Capture of Martinique

28th January 1809 - 24th February 1809
Part of : The Napoleonic Wars (1803 - 1815)
Previous action : Capture of the Vengeur 24.1.1809
Next action : Action of 1809-02-08 8.2.1809


United Kingdom of Great Britain and Ireland

British Ships, Alexander Inglis Cochrane (1758-1832)
Ship NameCommanderNotes
Neptune (98) Charles DilkesFleet Flagship
Pompee (80) Edward Pelham Brenton (1774-1839)
Belleisle (74) Edward Woolcombe
Captain (74) Hugh Pigot (1775-1857), James Athol Wood (1756-1829)
York (74) Robert Barton, Alexander Wilmot Schomberg (1775-1850)
Intrepid (64) Warwick Lake, Christopher John Williams Nesham
Ulysses (20) Christopher John Williams Nesham, Edward Woolcombe
Acasta (40) Philip Beaver (1766-1813)
Ethalion (38) William Charles Fahie (1763-1833), Thomas John Cochrane (1789-1872)
Penelope (36) John Dick
Pique (36)  
Circe (32) Charles Kerr
Cleopatra (32) Samuel John Pechell
Eurydice (24) James Bradshaw
Surinam (18)  
Cherub (18) George Ravenshaw, Thomas Tudor Tucker
Star (16) Francis Augustus Collier (1785-1849)
Stork (16) George Le Geyt
Amaranthe (16) George Pringle (1778-1834)
Wolverine (16) John Simpson
Fawn (16)  
Hazard (16) Hugh Cameron (d.1809)
Demerara (16) William Dowers
Port D'Espagne (14)  
Superieure (14) Humphrey Fleming Senhouse (1781-1841), William Ferrie
Liberty (14) John Codd
Eclair (12) George James Evelyn
Haughty (12)  
Swinger (12) Thomas Bourdon Fellows, William Winlack
Bacchus (10)  
Express (6) William Dowers, William Malone
Ship NameCommanderNotes
Gloire (38) James Carthew
Aeolus (32) William Fitzroy (1782-1857)
Fawn (18) Michael de Courcy (d.1813), George Alfred Crofton
Pultusk (18) George Pringle (1778-1834)
Belette (16) George Sanders
Forester (16) John Richards
Frolic (16) Thomas Whinyates
Pelorus (16) Thomas Huskisson
Recruit (16) Charles John Napier (1786-1860)
Ringdove (16) George Andrews (1778-1840), Humphrey Fleming Senhouse (1781-1841)
Snap (16) James Pattison Stewart
Goree (16) Joseph Spear (d.1837)
Bacchus (12) Samuel Malbon, Charles Dayman Jermy
Mosambique (10) James Atkins (1777-?)
Subtle (10) Charles Browne (d.1812)
Cuttle (4) Thomas Bury, Thomas Bury

Notes on Action


In the summer of 1808 it had become known to the British ministry that Martinique was in want both of provisions and of troops; and preparations had been subsequently begun at Barbados for taking advantage of the distress of the most important of the French West-Indian possessions, which was at the time governed by Vice-Admiral Villaret-Joyeuse, the officer who had been defeated by Lord Howe in 1794. These preparations were completed by the end of January, 1809, when the naval force, together with a fleet of transports, having on board about 10,000 troops under Lieutenant-General Beckwith, assembled at Carlisle Bay. The expedition sailed on January 28th, and arrived on the 30th off Martinique, which was garrisoned by about 2400 effective regulars, and 2500 militia, and which mounted in its various batteries about 290 guns. In the harbour of Fort Royal lay the Amphitrite, 40, which had left Cherbourg on November 12th, 1808; at St. Pierre lay the Diligente, 18; and at Marin lay the Carnation, 18, which had been taken by the Palinure from the British on October 3rd, 1808.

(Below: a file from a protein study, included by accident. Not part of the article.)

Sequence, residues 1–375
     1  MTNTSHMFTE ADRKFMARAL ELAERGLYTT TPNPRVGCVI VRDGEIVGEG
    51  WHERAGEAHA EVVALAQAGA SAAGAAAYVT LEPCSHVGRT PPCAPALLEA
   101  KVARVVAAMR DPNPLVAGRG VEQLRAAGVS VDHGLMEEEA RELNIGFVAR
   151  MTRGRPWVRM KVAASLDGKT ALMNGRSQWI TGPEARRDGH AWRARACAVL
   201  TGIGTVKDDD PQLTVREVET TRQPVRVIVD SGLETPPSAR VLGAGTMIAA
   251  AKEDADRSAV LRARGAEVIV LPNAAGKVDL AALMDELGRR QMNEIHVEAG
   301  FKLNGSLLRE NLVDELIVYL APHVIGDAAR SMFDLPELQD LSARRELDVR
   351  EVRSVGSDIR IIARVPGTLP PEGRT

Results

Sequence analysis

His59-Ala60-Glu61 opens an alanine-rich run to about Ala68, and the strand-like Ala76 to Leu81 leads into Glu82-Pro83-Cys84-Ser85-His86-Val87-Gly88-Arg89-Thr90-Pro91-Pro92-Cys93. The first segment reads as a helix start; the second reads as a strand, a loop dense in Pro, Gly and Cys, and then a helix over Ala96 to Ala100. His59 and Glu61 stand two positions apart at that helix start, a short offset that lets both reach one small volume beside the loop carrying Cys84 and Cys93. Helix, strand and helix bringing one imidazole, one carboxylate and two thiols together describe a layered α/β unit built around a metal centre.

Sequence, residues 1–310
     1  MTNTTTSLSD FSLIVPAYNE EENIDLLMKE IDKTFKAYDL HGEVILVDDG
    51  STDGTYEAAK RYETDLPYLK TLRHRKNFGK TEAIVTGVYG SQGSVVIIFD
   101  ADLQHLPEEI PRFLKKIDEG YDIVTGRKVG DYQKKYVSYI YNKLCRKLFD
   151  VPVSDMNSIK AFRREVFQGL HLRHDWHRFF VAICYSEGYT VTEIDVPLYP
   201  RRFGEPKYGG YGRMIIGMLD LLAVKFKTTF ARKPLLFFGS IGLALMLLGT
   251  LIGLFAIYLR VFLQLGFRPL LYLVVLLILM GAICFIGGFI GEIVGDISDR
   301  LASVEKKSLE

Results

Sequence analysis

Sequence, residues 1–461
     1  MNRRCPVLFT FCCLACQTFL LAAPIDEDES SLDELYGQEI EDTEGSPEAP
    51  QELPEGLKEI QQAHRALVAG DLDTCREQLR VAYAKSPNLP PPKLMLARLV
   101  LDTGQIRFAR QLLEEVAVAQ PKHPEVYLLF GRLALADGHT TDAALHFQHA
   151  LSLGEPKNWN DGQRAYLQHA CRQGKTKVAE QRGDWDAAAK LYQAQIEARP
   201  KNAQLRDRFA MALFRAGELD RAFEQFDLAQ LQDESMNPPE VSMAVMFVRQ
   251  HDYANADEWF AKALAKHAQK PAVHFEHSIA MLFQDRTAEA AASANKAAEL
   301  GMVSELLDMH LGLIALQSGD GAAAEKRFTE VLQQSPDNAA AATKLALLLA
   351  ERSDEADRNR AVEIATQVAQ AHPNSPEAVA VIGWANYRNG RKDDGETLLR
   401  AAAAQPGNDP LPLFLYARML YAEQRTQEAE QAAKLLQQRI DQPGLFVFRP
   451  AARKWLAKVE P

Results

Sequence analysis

Early on January 30th, about 3000 men, commanded by Major-General Frederick Maitland, were landed without opposition at Pointe Sainte Luce, under the superintendence of Captain Fahie; and 600 men, under Major Henderson, were put ashore at Cape Solomon. Upon the appearance of the former in Marin Bay, the French destroyed the Carnation. In the meanwhile, nearly 6500 men, commanded by Lieut.-General Sir George Prevost, were landed on the north side of the island, at Baie Robert, under the direction of Captain Beaver. These, also, were unopposed, the militia assembled near the landing-places retiring before them, and going to their homes.

On February 1st and 2nd, the advancing British army gained successes against the French regulars, the main body of whom then fell back on Fort Desaix. Major Henderson possessed himself of a fort or battery on Pointe Salomon; and on February 4th, Pigeon Island surrendered after it had been heavily bombarded for twelve hours. The fall of this post was largely due to the exertions of a body of seamen employed ashore under Captain Cockburn; and the capture of its little garrison of 136 men was owing to retreat having been cut off by the Molus, Cleopatra, and Recruit, which had pushed up to the head of Fort Royal Bay, and which, by their appearance there, induced the French to burn the Amphitrite and other vessels in harbour. When Sir Alexander Cochrane, with the squadron, afterwards stood into the bay, the enemy on that side of the island concentrated themselves in Fort Desaix, the investment of which was then begun. Cas des Navires was occupied on February 8th; St. Pierre and the Diligente surrendered on the 9th; and Fort Royal itself was taken possession of on the 10th.

On the 19th the bombardment of Fort Desaix was opened, and until noon on the 23rd it continued without cessation. After a fruitless parley it was recommenced, and continued until 9 A.M. on the 24th, when white flags were hoisted. In the course of that day, the place, and the whole colony, formally surrendered by capitulation. In the acquisition of Pigeon Island the Navy lost two seamen killed; in the siege of Fort Desaix it lost six killed and nineteen wounded. The seamen who served on shore were, as usual, of the greatest use in getting heavy guns and mortars into position on commanding heights, and in helping to man the batteries. For mismanagement of the defence, Vice-Admiral Villaret-Joyeuse and some other officers were broken by a court which tried them in Paris in December, 1809.

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